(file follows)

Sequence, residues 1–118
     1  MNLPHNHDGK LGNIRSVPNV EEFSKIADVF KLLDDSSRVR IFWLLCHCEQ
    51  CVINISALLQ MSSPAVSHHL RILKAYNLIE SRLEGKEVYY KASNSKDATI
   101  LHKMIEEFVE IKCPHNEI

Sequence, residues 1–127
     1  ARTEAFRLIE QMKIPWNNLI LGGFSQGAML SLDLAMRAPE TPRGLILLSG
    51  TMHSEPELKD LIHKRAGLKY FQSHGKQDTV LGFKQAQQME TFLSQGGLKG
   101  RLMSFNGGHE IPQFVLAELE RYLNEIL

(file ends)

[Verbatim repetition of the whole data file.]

Sequence, residues 1–118
     1  MNLPHNHDGK LGNIRSVPNV EEFSKIADVF KLLDDSSRVR IFWLLCHCEQ
    51  CVINISALLQ MSSPAVSHHL RILKAYNLIE SRLEGKEVYY KASNSKDATI
   101  LHKMIEEFVE IKCPHNEI

Sequence, residues 1–127
     1  ARTEAFRLIE QMKIPWNNLI LGGFSQGAML SLDLAMRAPE TPRGLILLSG
    51  TMHSEPELKD LIHKRAGLKY FQSHGKQDTV LGFKQAQQME TFLSQGGLKG
   101  RLMSFNGGHE IPQFVLAELE RYLNEIL